Bankruptcy reform hurts struggling families

March 04, 2005|By Robert Gordon

WASHINGTON - For a president who has spoken eloquently about America as "the land of the second chance," George W. Bush is grimly committed to stripping second chances from millions of families.

That's the message of the bankruptcy legislation facing the Senate this week. Together with Mr. Bush's Social Security plan, that bill would undermine basic American social insurance and take away dignified futures from decent Americans whose lives fell short of their hopes.

Today, one American household files for bankruptcy every 20 seconds. According to a February study by professors at Harvard University, half of those filings followed sickness or major medical expenditures. Many others came after pink slips.

Bankruptcy hits Americans from all walks of life; most filers worked tough jobs, owned homes and finished some college. But the fastest-growing group going broke is senior citizens.

The new bankruptcy bill provides a new push against these Americans. The measure is intended to collect debts from those able to pay, but supporters acknowledge that no more than 10 percent of debtors fall in that category.

The law's centerpiece would subject all debtors looking for a fresh start to take a complicated test with elaborate forms to determine if they are able to pay. Debtors who passed the test still would be able to wipe away unsecured debts such as credit card bills even as they forfeited many assets in what is called a Chapter 7 bankruptcy. Those who failed would be forced to continue to pay their credit card bills in what is known as a Chapter 13 bankruptcy. The test would be applied by the bankruptcy court.

This proposal was rejected by federal reform commissions in 1973 and 1997, and for good reason. With the new test, a creditor could force an impoverished parent who just lost a job into a long and costly hearing to determine if he or she can cough up a few more dollars.

Penniless people would need to find hundreds of dollars for new legal fees. Because the test is rigid, many responsible families wouldn't get the debt relief they need. Workers who lose good jobs and end up earning the minimum wage would spend years scrambling to pay off credit card companies with money they don't have.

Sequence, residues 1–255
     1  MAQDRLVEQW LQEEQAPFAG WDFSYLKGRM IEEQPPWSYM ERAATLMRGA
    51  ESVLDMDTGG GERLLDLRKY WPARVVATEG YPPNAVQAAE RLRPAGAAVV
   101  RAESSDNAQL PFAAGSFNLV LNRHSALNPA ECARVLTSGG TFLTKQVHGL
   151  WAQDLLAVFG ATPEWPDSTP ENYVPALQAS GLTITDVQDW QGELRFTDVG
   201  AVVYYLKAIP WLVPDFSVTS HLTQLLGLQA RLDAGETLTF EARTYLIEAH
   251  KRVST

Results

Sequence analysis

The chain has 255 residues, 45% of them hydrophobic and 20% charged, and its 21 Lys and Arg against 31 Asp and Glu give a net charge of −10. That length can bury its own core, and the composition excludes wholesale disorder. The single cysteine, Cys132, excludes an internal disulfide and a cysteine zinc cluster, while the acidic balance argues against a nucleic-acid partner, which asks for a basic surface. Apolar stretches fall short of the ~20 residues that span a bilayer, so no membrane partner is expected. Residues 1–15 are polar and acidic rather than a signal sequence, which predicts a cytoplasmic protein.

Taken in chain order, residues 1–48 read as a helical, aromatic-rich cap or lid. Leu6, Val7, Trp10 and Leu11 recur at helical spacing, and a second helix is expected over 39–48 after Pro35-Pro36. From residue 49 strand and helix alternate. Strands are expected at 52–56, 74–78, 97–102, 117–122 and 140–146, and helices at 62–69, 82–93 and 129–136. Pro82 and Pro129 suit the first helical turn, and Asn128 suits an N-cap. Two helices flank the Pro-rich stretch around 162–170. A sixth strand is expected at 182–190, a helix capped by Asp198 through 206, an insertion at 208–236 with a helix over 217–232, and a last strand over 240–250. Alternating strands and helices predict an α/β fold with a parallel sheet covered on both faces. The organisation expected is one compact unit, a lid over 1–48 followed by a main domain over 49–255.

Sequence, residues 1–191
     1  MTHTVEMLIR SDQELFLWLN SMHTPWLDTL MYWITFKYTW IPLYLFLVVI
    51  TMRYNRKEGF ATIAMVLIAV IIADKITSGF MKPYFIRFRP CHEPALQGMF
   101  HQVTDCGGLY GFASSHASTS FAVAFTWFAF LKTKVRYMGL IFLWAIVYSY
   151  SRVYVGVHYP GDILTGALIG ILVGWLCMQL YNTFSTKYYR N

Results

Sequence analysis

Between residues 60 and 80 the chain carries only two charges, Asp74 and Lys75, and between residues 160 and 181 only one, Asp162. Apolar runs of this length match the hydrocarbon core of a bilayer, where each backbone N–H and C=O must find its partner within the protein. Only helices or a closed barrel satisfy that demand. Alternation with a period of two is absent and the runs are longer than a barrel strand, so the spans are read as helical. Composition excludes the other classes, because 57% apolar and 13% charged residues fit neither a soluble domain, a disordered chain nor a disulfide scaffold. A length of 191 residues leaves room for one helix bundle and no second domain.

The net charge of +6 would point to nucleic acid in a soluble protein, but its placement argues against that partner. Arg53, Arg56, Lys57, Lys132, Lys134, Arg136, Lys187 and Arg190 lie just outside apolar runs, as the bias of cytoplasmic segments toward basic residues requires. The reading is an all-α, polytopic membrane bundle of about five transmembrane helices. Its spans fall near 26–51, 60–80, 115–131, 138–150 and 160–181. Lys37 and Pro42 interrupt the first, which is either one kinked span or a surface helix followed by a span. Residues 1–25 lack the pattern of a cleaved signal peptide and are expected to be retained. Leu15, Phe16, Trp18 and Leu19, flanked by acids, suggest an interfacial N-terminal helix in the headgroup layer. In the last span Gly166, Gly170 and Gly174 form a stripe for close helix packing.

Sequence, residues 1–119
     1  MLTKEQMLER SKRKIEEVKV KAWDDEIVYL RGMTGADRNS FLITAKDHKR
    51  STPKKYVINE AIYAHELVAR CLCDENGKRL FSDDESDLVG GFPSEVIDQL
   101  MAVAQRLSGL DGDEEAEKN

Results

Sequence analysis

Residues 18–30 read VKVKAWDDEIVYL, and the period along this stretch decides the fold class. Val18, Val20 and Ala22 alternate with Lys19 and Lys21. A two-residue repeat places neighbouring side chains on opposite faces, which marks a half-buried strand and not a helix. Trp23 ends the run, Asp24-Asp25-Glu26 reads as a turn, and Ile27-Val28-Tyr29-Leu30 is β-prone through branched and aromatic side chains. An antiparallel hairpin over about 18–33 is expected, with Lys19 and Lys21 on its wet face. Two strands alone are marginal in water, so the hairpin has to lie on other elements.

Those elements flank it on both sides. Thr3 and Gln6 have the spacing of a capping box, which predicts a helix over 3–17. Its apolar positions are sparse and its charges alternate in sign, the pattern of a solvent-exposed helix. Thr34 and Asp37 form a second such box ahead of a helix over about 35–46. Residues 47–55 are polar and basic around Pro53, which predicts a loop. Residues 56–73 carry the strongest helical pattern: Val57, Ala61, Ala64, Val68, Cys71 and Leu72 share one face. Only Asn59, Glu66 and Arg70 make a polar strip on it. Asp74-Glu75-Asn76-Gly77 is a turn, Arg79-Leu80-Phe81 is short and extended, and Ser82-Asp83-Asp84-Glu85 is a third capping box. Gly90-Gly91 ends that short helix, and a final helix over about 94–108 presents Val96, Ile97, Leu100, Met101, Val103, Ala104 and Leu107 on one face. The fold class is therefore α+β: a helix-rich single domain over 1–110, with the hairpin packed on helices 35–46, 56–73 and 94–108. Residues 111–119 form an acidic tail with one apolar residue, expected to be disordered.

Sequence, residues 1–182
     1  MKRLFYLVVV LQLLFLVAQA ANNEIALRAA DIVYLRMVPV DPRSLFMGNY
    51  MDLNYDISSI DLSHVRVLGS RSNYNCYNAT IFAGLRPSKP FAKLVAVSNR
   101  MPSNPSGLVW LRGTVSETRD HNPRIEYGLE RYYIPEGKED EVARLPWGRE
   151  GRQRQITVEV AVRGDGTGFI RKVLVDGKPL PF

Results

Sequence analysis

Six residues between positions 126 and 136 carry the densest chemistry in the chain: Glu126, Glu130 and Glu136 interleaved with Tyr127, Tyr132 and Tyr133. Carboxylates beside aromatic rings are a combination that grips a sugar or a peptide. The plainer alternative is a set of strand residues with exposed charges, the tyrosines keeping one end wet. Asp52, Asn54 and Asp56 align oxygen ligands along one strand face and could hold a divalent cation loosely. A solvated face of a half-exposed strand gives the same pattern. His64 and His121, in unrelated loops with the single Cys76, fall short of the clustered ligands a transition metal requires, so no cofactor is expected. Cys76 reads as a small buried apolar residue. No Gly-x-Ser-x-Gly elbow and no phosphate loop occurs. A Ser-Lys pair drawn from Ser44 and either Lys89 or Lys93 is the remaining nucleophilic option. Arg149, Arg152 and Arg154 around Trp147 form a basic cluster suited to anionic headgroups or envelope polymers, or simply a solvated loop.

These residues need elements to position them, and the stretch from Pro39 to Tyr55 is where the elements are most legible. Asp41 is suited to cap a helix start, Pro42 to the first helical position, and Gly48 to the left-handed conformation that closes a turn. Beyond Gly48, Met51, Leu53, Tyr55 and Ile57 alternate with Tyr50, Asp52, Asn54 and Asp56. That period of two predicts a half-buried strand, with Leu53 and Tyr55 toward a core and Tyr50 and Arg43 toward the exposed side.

This proposal weakens a unique American protection.

Many European countries have provided able adults with generous supports such as long-lasting unemployment insurance and a guaranteed minimum income. The United States has been much stingier.

We've valued hard work and entrepreneurship over certainty and safety. But since the 19th century, we've also had a backstop: a bankruptcy law that forgives debts more easily. Reducing the costs of failure encourages the economic risk-taking we want. It's also the right thing to do: Because we don't stop families from falling down, we make sure they're able to get up. The Bush proposal replaces that American fresh start with a bureaucratic obstacle course.

This is especially troubling at a time when Social Security reform promises to create more families who need bankruptcy relief.

Social Security and bankruptcy reform are a double whammy for seniors in trouble. Seniors who don't do well with private accounts would be more likely to go bankrupt, and then less likely to get the relief they need. More would be pushed to divert money from buying food and medicine into paying down credit card bills.

Democrats are united against the Social Security measure, but many, including Maryland Sen. Barbara Mikulski, have supported bankruptcy reform before. The industry pressure is enormous: Credit card companies alone stand to make $1.5 billion more a year.

But if being a Democrat means anything, it should mean standing up for good people who hit hard times. In fact, although Mr. Bush is clearly committed to Social Security reform, a man who believes in the second chance might also give that bankruptcy bill a second look. America should be an ownership society, not a merciless one.

Robert Gordon is a senior fellow at the Center for American Progress and served as director of domestic policy for the Kerry-Edwards campaign.

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